We agree, based on the obiter remark made by Judge Ponnan in the Pretoria East case, that SARS can’t just where the relevant material is not provided, issue an additional assessment.  They should at least have a follow-up request for the information. 

In our view, the only option available to the taxpayer is to object to the assessment.  We don’t believe that a section 93 request can be used.


2. Will there be expenses non-executive directors can claim for VAT?

Q: I would just like to enquire what expenses will qualify for the Input VAT calculation for Non-Executive Directors. Would it be expenses incurred in the production of their income?

A: The consequence of the binding general ruling is that the non-executive director is deemed to carry on an enterprise (with effect 1 June 2017).  It makes no other changes to the practice prevailing.  Consequently, the director, as a vendor, would be entitled to make a deduction of input tax based on the Act itself.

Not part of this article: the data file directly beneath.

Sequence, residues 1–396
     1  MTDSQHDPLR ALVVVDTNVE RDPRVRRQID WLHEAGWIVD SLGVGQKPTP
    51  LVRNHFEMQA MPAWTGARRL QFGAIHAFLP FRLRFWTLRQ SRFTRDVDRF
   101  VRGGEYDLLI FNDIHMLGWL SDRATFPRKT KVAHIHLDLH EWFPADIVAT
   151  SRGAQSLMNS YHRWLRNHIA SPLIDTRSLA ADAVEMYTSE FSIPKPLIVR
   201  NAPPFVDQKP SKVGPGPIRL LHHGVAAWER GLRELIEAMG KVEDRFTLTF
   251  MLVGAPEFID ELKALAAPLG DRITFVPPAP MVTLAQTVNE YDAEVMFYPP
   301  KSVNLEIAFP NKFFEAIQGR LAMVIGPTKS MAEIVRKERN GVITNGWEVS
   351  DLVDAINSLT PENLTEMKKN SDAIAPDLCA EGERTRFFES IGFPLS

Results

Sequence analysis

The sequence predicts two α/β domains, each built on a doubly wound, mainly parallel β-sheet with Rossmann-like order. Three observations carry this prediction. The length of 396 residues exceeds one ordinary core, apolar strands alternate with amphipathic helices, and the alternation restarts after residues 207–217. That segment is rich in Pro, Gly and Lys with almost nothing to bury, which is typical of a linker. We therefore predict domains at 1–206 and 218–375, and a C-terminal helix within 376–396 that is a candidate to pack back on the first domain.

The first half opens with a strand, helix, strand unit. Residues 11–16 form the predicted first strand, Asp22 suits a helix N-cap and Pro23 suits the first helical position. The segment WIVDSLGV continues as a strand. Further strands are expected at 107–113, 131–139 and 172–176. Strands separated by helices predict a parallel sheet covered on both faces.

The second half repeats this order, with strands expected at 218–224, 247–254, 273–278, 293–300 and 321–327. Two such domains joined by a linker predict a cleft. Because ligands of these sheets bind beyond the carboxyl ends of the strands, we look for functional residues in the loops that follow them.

The vendor then will have to be able to prove that the goods or services concerned were acquired by the vendor wholly (or partly) “for the purpose of consumption, use or supply in the course of making taxable supplies”. 

In the De Beers case Judge Southwoord, whilst agreeing with the minority view expressed by judges Navsa and Judge van Heerden dealt with this issue as follows:

“[48] To be entitled to deduct ‘input tax’ in the calculation of his VAT payable, a vendor must be registered in terms of the Act, must be carrying on an ‘enterprise’ and must have paid VAT on goods or services which the vendor acquired wholly for the purpose of consumption, use or supply in the course of supplying goods or services which are chargeable with tax under the provisions of s 7(1)(a) of the Act (i.e. goods or services supplied in the course or furtherance of the ‘enterprise’).”

Judge Southwood then continued as follows: